Downsides? Well, you risk pulling more mobs, but that's cheap for a great PvE tactic, don't ya think?
Crowd Control TacticsEdit
At the release of The Burning Crusade, Warlocks also began being a prime Crowd Control choice for 5 man instances. There are several tactics to effectively render an enemy out of combat until the DPS (and you) take it down.
Fear causes one enemy to run around aimlessly for the duration of the spell, and has a chance to break on damage (most commonly direct damage). Because of this the old tactic of Fear-Dotting in instances has some what lost it's value. Even with this slight detriment, fear is still a powerful means of removing an Enemy from combat in a mob free environment.
The best way to Fear is to Searing Pain(Max rank, more damage is more threat generated) your target and immediately start casting Fear on it. Searing pain insures that when fear breaks, it comes back to you instead of taking out a healer. Once it is feared, maintain DPS on the main target until you see Fear break. When it breaks, recast fear unless it is that mobs time to be DPSed down.
- Tank pulls.
- Cast Searing Pain on your Fear Target
- Instantly cast Fear right after
- In the case of resistant mobs, or if your +spell hit rating is low, cast Curse of Elements after fear.
- DPS the main target down
- Re-Fear if needed.
Fearing in Tight AreasEdit
Sometimes it is required to fear in an area where mobs are still present. This is accomplished through use of Curse of Recklessness. Once the mobs are pulled, again Searing Pain your Fear Target, and immediately cast fear. This is where it begins to get difficult, you need to let the mob run a certain distance away, and cast Curse of Recklessness on it. Let it come back and just before it enters Melee range(5yrds) you need to replace CoRecklessness with another curse(generally Curse of Weakness(rank1}.
- Tank pulls the pack.
- Cast Searing Pain on Fear Target
- Immediately cast Fear.
- Wait for the mob to run at least 20 yards then cast Curse of Recklessness.
- When the mob is about to enter melee range. Cast another curse (generally Curse of Weakness)
- Re-Fear when needed.
Seducing with the SuccubusEdit
Using your Succubus pet is also a means of controlling an add, and is generally preferred because it limits the mob to one spot. Crowd controlling with a Succubus is a little less idiot-friendly than fearing, but powerful all the same. Seduce is broken by damage, so make sure you keep the mob further away to keep abilities like Thunder Clap, Cleave, and Swipe from breaking it.
Obviously, to use this tactic, you need to have your succubus out. This works much like fearing in how you personally control it. The tank pulls, cast Searing Pain(Max Rank) on the seduce target and get your Succubus casting Seduce, this has a double sided effect. First, it keeps the mob off your Healer. Second, it keeps the mob off your Succubus, who is indeed rather squishy. After Seduce is cast, keep tabs on it while you DPS the first target. Seduce has a cast time, so it's prudent to hit Pet Follow and then Seduce again to make sure the mob is kept "entertained."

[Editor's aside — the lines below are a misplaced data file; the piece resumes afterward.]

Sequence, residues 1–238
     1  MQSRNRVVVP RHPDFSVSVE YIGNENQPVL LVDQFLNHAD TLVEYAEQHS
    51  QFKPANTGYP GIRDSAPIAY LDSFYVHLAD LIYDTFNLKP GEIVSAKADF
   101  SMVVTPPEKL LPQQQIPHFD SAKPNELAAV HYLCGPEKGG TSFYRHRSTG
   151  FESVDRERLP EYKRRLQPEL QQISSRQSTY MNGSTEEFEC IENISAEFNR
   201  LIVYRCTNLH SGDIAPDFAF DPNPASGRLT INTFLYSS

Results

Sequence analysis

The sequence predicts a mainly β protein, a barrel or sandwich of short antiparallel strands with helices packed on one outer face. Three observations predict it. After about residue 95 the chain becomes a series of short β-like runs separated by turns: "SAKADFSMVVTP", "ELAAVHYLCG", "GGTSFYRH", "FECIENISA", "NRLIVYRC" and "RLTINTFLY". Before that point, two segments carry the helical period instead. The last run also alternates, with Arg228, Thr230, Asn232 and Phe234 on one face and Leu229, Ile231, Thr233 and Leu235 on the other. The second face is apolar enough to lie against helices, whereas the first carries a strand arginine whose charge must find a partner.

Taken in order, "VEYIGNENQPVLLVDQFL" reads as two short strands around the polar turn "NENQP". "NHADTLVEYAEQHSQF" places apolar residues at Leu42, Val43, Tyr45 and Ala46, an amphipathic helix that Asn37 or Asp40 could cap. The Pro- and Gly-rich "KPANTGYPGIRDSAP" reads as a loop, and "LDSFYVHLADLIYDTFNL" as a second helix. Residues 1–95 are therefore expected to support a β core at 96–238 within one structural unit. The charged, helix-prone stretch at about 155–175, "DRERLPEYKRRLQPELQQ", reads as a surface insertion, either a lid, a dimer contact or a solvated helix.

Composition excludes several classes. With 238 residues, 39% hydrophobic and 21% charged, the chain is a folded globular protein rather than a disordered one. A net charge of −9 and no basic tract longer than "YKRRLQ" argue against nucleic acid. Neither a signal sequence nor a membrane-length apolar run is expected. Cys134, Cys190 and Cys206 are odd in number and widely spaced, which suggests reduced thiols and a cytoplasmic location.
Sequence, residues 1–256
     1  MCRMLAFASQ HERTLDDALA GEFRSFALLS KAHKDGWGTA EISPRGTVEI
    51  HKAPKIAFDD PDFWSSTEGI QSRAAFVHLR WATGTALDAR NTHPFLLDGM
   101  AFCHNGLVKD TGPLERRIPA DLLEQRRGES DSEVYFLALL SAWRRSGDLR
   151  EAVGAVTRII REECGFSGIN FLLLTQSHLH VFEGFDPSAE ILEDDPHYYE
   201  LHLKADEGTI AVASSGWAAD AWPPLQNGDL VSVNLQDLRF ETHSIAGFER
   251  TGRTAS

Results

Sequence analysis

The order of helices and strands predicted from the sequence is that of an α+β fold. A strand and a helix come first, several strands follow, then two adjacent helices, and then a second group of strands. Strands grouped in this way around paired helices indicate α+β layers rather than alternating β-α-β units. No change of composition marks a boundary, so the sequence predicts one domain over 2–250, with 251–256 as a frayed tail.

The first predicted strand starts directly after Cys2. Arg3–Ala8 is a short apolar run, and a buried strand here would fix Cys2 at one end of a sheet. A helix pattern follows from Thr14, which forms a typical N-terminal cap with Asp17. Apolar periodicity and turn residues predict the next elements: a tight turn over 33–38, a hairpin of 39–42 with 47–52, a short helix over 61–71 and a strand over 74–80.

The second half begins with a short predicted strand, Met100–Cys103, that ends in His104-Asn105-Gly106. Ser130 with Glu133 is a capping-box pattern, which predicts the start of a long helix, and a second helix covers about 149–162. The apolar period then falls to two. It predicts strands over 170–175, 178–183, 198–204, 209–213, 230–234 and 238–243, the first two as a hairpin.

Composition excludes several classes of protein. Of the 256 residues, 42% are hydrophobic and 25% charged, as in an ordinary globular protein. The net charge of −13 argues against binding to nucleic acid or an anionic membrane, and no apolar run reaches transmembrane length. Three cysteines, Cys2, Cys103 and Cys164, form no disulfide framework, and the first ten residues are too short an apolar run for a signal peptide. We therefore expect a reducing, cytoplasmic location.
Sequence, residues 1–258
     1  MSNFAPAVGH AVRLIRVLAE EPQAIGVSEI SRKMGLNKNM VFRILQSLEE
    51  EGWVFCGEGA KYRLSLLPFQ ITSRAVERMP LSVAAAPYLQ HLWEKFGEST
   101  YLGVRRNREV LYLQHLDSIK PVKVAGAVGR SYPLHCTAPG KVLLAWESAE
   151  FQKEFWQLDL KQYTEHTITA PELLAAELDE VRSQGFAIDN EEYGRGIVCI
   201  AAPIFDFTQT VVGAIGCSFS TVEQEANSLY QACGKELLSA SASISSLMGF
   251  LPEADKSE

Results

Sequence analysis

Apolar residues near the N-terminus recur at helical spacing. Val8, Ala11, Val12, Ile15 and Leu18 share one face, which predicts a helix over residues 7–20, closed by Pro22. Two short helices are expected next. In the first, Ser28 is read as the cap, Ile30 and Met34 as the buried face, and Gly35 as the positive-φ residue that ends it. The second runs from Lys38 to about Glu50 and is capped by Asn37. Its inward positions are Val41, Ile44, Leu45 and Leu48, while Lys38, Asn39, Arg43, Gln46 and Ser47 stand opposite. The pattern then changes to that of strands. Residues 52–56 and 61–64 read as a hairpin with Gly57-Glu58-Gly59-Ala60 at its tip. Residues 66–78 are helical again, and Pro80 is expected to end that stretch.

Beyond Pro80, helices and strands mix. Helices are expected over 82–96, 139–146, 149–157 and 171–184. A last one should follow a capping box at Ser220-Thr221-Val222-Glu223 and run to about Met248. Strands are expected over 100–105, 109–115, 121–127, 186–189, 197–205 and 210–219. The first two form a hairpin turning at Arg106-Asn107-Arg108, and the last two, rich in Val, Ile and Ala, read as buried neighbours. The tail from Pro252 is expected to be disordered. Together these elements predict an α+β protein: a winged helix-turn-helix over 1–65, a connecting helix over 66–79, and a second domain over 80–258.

- Tank Pulls
- Cast Searing Pain on the Seduce Target and get your Succubus casting Seduce(1.5 Cast time).
- For Resistant mobs, cast Curse of Elements to ensure full duration of Seduce.
- DPS the first target down.
- Re-Seduce as required.
An additional (yet more time consuming) tactic is to Searing Pain, Seduce, and fear the mob while it's seduced. Seduce's duration (15seconds) is shorter than Fear's 18 seconds, and can open up some distance to recast Seduce. This tactic should be used in an Add free environment to prevent getting more mobs and possibly wiping the group.
Banishing Elementals or DemonsEdit
Banishing, for the most part, requires no special tricks or advanced control tactics. Depending on the kill order, use either Banish (Rank 1) for mobs being killed soon after the primary target, or Banish (Rank 2) for ones further along, or for higher health primary targets.
- Tank pulls
- Banish the Banish target.
- If it is second on the kill list, use Banish (rank 1).
- If it is further along, or the primary target is high health, use Banish (rank 2)
- Re-Banish if required.
General Crowd Control TipsEdit
- Searing pain any target you need to control first. This will keep it on you and off your healer. Losing a DPS is far less damaging than losing the healer.
- It's generally better to try and overwrite your Fear than waiting for the mob to come back.
- When seducing, keep some distance with the seduced mob and your tank, to prevent breakages.
- Recast Banish when there is 1 sec-.5 sec before it breaks.
Tricks with Ritual of SummoningEdit
- There are many tricks with this very fun spell...
- Ever needed to repair your gear or stock up on food/drinks during an instance? Target yourself, cast Ritual of Summoning, Hearth out, repair / stock up, and accept the summon.
- EVIL!!! Take two people, buff all of you with Underwater Breathing, summon a third person into the ocean and watch them drown. Useful for people who ask for a summon in a unpolite way.